O’Rourke said the principles of free enterprise will guide Florida to a more secure and sustainable future.

“A healthy business climate leads to healthy communities and that’s what we are all about,” O’Rourke said. “When businesses are successful, it creates opportunities for employees, their families and so on. Free enterprise is absolutely critical to make sure that all of that is a reality.”

Calling on Lawmakers to Protect Florida Consumers from AOB Abuse in Florida

 

WATCH video from the press conference.

Consumer Protection Coalition: “Time to Act on AOB Fraud & Abuse is Today”

TALLAHASSEE, Fla. (April 6, 2017) – In front of the Florida House Chamber, the Consumer Protection Coalition, a  broad-based group of business leaders, consumer advocates, real estate agents, construction contractors, insurance agents and insurance trade groups, today called on Florida lawmakers to protect Florida consumers and pass meaningful reforms to end Assignment of Benefits (AOB) abuse in the Sunshine State.

 

“We are halfway through the 2017 Legislative Session, and it appears another year may pass without meaningful reforms to end AOB abuse in Florida,” said DULCE SUAREZ-RESNICK, independent insurance agent in Miami and member of the Latin American Association of Insurance Agents.  “Make no mistake: If the Legislature fails to address the growing cancer of AOB for a fifth straight year, Florida’s hardworking families are the ones that will lose.  Our leaders have crystal clear evidence that AOB fraud and abuse is threatening the affordability of homeownership for average Floridians.  For lower-income families and those on fixed incomes, it could literally put the dream of homeownership out of reach.”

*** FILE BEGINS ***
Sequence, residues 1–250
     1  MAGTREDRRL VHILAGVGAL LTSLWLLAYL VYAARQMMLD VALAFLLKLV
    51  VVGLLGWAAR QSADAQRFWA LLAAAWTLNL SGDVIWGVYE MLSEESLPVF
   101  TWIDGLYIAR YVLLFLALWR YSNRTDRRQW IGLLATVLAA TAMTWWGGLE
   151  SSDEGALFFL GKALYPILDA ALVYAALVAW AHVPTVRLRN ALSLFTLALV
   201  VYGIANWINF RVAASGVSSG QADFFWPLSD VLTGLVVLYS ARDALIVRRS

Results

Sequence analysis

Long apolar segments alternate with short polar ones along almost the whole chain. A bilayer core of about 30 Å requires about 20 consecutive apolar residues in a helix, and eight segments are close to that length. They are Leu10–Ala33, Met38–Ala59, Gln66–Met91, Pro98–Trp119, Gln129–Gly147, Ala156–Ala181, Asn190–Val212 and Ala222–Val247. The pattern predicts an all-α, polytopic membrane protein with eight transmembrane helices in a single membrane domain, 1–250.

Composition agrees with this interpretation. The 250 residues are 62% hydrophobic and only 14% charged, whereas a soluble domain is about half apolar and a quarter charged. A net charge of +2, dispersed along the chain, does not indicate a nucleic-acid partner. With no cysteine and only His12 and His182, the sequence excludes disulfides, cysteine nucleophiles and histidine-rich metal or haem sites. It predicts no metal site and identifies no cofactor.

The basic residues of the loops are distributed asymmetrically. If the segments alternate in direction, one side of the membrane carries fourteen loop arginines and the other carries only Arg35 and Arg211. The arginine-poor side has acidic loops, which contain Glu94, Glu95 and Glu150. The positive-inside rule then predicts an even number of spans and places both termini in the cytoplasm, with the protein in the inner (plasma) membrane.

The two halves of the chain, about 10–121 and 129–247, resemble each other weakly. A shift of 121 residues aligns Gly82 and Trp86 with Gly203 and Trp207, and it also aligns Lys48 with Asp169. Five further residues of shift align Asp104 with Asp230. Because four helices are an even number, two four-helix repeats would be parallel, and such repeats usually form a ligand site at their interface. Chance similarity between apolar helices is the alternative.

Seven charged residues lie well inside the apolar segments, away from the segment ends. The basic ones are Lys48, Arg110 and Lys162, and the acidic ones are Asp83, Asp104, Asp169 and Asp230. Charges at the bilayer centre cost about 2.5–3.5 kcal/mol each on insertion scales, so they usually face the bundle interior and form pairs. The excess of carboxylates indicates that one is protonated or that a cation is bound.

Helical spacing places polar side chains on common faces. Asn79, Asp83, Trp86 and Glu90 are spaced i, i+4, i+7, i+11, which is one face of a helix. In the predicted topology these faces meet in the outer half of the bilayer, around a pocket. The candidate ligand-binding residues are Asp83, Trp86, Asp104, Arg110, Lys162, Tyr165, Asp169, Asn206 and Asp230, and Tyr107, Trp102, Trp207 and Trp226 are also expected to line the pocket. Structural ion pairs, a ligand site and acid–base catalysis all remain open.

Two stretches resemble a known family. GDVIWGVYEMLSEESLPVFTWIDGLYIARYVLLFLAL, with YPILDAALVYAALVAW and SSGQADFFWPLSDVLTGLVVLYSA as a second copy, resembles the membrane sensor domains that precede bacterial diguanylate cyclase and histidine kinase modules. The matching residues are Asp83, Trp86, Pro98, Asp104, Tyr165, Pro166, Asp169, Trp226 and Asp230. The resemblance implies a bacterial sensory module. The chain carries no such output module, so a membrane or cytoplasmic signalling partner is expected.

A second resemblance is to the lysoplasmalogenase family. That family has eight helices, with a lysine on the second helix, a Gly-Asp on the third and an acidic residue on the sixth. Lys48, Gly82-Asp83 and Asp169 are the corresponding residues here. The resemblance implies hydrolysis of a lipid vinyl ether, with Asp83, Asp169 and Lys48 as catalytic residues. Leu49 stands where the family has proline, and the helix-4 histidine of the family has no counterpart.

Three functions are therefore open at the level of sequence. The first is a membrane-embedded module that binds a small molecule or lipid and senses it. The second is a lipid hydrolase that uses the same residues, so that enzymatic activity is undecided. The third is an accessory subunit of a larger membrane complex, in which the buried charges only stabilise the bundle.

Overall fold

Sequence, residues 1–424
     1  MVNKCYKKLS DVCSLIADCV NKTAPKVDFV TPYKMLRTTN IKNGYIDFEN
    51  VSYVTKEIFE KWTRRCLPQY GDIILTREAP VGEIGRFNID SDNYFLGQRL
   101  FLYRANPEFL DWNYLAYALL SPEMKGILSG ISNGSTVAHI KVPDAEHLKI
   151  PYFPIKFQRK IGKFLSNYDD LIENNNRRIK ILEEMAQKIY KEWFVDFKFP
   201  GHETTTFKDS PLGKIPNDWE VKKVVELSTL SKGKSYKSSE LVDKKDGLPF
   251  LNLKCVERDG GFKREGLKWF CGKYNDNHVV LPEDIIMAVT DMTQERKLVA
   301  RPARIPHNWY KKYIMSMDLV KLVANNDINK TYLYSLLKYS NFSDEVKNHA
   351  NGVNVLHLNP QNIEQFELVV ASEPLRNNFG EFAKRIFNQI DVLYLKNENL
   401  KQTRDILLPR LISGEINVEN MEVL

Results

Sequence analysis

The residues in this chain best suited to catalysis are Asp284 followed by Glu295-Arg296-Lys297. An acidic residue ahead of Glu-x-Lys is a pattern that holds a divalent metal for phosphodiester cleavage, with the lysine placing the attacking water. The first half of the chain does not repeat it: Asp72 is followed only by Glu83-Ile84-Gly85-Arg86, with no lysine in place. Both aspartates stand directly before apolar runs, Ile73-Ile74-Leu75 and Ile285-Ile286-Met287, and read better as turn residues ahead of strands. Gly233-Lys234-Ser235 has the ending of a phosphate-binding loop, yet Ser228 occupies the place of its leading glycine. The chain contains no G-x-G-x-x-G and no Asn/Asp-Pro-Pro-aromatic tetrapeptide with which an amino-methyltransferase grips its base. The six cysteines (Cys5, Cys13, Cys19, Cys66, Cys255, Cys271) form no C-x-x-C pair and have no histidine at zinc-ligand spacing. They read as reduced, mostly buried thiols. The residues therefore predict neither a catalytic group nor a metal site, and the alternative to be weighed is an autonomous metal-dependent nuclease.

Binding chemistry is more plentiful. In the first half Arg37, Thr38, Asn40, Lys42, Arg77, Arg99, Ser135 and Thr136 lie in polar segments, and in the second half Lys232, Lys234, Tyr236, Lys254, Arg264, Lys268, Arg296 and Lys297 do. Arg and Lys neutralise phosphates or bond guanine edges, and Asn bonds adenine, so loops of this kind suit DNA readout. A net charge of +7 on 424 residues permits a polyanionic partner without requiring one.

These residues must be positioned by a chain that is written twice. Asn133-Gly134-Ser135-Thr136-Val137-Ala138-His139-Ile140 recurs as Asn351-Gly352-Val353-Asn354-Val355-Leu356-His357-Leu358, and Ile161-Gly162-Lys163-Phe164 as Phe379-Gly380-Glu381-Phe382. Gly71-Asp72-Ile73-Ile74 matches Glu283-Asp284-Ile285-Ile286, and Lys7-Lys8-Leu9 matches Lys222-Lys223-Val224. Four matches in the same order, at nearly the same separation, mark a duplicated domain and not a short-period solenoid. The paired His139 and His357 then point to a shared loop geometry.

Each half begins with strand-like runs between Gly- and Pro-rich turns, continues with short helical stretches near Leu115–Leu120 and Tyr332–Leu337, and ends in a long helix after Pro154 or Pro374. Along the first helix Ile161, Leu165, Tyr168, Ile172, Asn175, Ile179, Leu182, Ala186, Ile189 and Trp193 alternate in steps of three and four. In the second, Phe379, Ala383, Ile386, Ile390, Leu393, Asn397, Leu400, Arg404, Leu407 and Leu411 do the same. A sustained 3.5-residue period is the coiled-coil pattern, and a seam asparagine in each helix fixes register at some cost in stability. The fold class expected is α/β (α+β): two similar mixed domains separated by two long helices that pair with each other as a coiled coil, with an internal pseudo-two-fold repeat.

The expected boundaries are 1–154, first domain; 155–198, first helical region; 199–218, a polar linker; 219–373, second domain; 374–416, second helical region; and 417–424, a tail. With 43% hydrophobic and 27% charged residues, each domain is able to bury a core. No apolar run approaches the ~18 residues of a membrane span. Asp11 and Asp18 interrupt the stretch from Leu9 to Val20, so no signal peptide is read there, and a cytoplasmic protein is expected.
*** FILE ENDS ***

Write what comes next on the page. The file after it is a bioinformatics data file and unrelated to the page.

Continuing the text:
In Miami-Dade County, Citizens Property Insurance Corporation (Citizens) projects that without AOB reforms, the average premium for homeowners will skyrocket from $9,847 this year to $15,859 by 2022.  An increase of more than $6,000 in five years.

 

“At the beginning of the year, Citizens announced reining in out-of-control lawsuits over water damage claims and AOB abuse were a top legislative priority,” said BARRY GILWAY, president and CEO of Citizens.  “And, just a week ago, Citizens reported a net loss of more than $27 million for 2016 – our first annual loss in 11 years.  The reason is the unjustifiable explosion of water loss claims we are facing, AOB abuse and lawsuits that are seriously eroding our bottom line.”

 

Ninety-six percent of all litigation Citizens faces is coming from the tri-county area of Dade, Broward and Palm Beach.  In just the past three and a half years, Citizens has seen the average severity, or payout, from each litigated water claim rise from $10,000 to $20,000.  In 2011, just 12 percent of the claims Citizens received went into litigation.  By 2015, 45 percent have been litigated.

 

“A cottage industry of trial attorney firms, often partnering with a relatively small group of home repair vendors, are driving the vast majority of lawsuits against Citizens,” said GILWAY.  “A year ago, we were able to provide rate decreases to most of our customers across the state.  This year, 84 percent of our policyholders will see rate increases, because of this water damage claims and AOB litigation phenomenon.  Without significant statutory reforms, Citizens will be forced to pass these costs on to our customers in the form of higher rates for the foreseeable future.”

 

“I’ve seen first-hand the AOB abuse that’s happening in our neighborhoods and reform is urgently needed,” said RALPH DAVIS, local contractor and president of Streamline Roofing & Construction.  “AOB fraud and abuse is driving up the costs of home repairs and is hurting homeowners who are often unaware of the risks they face when they sign an AOB.  It’s hurting the reputation of our industry and all of the good roofing firms and other good contractors who don’t use AOBS and who want to stop the bad behavior.”